*Christopher Miller, MBA | Specialized Wealth ManagementOriginally Appeared in Apartment Management Magazine*

In November of 2020, I published an article that explored a concept called the Time Value of Money. The bottom line from that article is that our investments could have much greater income and growth potential if we minimized taxes – therefore freeing up more of our principal to create wealth for us. The article featured a formula called the Internal Rate of Return that takes the time value of money into account. This month, I’d like to “dive deep” into the IRR measure, explain how it works, and show how it can help us real estate investors.

## Average Annual Return Measure

First, we’ll explore IRR’s “cousin:” the Average Annual Rate of Return. This measure is used very often because it is comparatively easier to calculate than IRR. The Average Rate of Return seeks to answer the question “When I make this investment, earn this projected potential income over a number of years and sell at a potential profit, what will I be able to say I earned annually on my money.

### Let’s use three hypothetical investments:

- I invested $100,000, earned 5% annually for 10 years, and sold for $150,000.
- I invested $100,000, earned zero income for 10 years, and sold for $200,000.
- I invested $100,000, earned $20,000 per year for 10 years, and sold for Zero.

If you were presented these offers, and assuming that these investments had identical risk levels that are acceptable for you, which would you take? I’d pull out my calculator to evaluate each of them.

This is where the limitation of this measure is exposed. To calculate the average annual return, the formula is:

(Sum of Returns/Number of Years) / Initial Investment

#### Our calculations are:

- ($100,000 / 10) / $100,000 = 10%
- ($100,000 / 10) / $100,000 = 10%
- ($100,000 / 10) / $100,000 = 10%

So the Average Annual Return measure tells us all three of these cash flow streams are equal. I know this isn’t true though – when given a choice between some money today and the same amount in the future, I want it today. The Internal Rate of Return measure uses this principle to evaluate cash flow streams.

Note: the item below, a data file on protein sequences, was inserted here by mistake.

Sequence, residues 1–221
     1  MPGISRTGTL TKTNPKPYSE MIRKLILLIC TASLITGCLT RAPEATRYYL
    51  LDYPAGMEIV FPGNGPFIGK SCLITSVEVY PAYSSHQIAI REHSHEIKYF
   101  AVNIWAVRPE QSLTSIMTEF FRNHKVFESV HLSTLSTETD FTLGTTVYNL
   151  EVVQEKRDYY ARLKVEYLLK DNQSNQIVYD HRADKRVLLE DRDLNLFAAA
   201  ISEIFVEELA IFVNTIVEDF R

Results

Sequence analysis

## The Internal Rate of Return

If you use Google to search “IRR Formula,” you’ll be presented with a scary looking formula that uses symbols. Fortunately, the computation is much easier with a financial calculator – or better yet, an Excel spreadsheet. We’ll calculate the IRR of these three scenarios below:

- A $100,000 investment earns $5,000 per year and returns $100,000 principal and $50,000 profit in year 10. IRR = 8.39%
- A $100,000 investment earns $0 per year and returns $100,000 principal and $100,000 profit in year 10. IRR = 7.18%
- A $100,000 investment earns $20,000 per year and returns Zero principal and Zero profit in year 10. IRR = 15.1% (!!)

These results surprised me. Scenarios 1 and 2 have similar Internal Rates of Return, but scenario 3 shows a much higher return. Why? As I said earlier – a return earned today is more valuable than a return earned next year. Although option three will not return my principal or pay a profit at the investment’s end, it is paying me much higher income on an annual basis – enough to make up for the lack of a large return at year 10.

## IRR Is a Useful Tool

I use the IRR calculation all the time when evaluating investment questions: Does this DST offer acceptable return potential? Should I refinance my property? If I spend $100,000 converting the garage of my 4-unit to a 5th unit, what will the return on my investment be? Am I better off doing something else with that $100,000?

As investors, cash flows are valuable to us. They are more valuable the faster they come. If you have any questions, my office number is (877) 313-1868.

Securities offered through Emerson Equity LLC, member FINRA/SIPC. Emerson Equity LLC and Specialized Wealth Management are not affiliated. All investing involves risk. Always discuss potential investments with your tax and/or investment professional prior to investing. Hypothetical scenarios herein are provided to illustrate mathematical principals only, and they are not a promise of performance. There can be no assurance that any investment strategy will achieve its objectives.